Wednesday, Dec. 15, 2010

Ayatollah Fadlalah

Ayatullah Mohammed Hussein Fadlallah survived an apparent CIA assassination attempt — a 1985 car bombing in Beirut that killed 80 people — and wore the attempt on his life as a badge of honor. The fiery cleric, whose most famous fatwa blessed suicide bombers in the war against Israel, was an intellectual pioneer of militant Islam: a brilliant jurist and tireless organizer, reviled by Washington as the spiritual leader of Hizballah.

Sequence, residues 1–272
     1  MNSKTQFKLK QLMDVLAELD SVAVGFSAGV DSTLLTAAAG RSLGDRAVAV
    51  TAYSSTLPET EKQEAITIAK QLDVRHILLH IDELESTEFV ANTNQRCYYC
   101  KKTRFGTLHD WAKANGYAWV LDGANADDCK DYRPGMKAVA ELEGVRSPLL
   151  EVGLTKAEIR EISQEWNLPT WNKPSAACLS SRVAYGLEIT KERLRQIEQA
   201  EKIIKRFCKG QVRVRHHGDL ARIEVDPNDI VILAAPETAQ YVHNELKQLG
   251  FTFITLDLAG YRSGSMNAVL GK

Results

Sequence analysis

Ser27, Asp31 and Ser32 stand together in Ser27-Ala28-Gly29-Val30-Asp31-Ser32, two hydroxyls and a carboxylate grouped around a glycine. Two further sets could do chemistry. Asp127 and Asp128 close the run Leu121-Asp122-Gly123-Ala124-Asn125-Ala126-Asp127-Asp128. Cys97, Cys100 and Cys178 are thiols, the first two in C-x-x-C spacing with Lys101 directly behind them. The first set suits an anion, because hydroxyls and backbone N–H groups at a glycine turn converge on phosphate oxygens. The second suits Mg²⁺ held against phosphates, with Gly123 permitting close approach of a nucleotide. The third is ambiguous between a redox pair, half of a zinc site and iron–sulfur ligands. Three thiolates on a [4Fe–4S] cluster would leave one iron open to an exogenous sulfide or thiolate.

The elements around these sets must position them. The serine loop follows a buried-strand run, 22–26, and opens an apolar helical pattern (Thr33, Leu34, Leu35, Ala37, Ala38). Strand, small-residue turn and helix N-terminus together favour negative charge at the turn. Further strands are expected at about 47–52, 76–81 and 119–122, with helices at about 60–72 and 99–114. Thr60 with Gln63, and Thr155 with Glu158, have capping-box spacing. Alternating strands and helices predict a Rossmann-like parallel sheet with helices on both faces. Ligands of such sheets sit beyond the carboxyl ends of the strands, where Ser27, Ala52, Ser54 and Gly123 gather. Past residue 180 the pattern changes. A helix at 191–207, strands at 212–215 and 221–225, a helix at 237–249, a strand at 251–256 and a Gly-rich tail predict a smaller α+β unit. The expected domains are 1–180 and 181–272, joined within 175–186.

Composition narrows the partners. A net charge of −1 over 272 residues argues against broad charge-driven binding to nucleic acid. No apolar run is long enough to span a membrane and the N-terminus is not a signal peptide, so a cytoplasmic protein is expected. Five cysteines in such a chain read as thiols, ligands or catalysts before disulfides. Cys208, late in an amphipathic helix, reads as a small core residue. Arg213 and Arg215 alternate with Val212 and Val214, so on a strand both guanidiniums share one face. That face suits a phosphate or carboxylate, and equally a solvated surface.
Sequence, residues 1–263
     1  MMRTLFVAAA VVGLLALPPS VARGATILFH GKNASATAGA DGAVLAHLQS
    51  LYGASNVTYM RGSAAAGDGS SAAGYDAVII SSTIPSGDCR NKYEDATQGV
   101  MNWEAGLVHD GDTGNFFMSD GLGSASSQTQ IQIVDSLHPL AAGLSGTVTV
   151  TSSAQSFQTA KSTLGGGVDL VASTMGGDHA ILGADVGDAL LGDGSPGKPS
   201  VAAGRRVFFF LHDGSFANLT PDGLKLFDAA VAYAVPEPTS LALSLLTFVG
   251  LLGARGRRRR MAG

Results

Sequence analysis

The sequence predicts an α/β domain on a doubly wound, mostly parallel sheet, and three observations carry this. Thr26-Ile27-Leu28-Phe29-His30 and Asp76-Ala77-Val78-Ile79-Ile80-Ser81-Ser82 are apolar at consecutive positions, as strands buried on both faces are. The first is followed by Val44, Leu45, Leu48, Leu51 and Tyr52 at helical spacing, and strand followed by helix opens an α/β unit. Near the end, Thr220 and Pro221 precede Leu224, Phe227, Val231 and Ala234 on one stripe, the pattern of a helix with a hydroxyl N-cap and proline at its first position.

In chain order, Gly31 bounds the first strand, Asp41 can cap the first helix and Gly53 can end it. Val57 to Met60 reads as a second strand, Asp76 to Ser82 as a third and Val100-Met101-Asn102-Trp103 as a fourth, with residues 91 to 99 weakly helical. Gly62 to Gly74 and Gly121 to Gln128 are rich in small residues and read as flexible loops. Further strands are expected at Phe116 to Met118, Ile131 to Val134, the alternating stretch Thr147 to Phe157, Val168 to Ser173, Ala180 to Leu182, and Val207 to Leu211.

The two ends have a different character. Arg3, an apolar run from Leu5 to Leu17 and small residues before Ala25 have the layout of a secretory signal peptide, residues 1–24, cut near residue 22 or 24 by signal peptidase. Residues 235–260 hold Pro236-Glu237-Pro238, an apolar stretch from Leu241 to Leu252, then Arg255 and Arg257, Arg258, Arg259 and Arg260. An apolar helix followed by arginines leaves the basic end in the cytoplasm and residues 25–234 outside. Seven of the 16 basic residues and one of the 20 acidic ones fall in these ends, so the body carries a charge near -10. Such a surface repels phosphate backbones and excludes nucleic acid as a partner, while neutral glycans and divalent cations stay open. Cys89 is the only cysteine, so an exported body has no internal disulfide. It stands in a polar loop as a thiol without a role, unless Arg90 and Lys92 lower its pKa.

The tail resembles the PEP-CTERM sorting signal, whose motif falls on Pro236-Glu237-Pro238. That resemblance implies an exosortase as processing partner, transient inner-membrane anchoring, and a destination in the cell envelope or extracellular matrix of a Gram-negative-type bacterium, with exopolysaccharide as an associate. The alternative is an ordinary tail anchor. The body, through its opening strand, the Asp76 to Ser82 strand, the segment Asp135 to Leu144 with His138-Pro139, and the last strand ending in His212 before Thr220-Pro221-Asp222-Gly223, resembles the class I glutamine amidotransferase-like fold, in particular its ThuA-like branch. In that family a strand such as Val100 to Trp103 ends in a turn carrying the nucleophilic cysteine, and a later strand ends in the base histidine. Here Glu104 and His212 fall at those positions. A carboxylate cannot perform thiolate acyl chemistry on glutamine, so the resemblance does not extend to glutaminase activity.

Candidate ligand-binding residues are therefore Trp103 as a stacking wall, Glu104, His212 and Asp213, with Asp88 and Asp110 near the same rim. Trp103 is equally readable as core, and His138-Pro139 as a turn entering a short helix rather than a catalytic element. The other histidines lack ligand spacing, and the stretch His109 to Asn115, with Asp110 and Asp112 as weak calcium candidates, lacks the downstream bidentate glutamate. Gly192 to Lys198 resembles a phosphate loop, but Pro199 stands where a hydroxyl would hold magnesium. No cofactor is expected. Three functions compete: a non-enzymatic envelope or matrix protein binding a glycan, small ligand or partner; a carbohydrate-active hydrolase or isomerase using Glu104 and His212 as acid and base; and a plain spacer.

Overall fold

But by the time of his death (of natural causes), Fadlallah had broken with Hizballah and the toxic legacy of his early edicts. He criticized Iran's clerical rule, supported women's rights and insisted on dialogue with the West. When I interviewed him, he was a soft-spoken and gracious host who enjoyed debating policy and philosophy. His passing marks a step backward for reform in the combustible world of Islamist militancy.

Thanassis Cambanis

Cambanis is the author of A Privilege to Die: Inside Hezbollah's Legions and Their Endless War Against Israel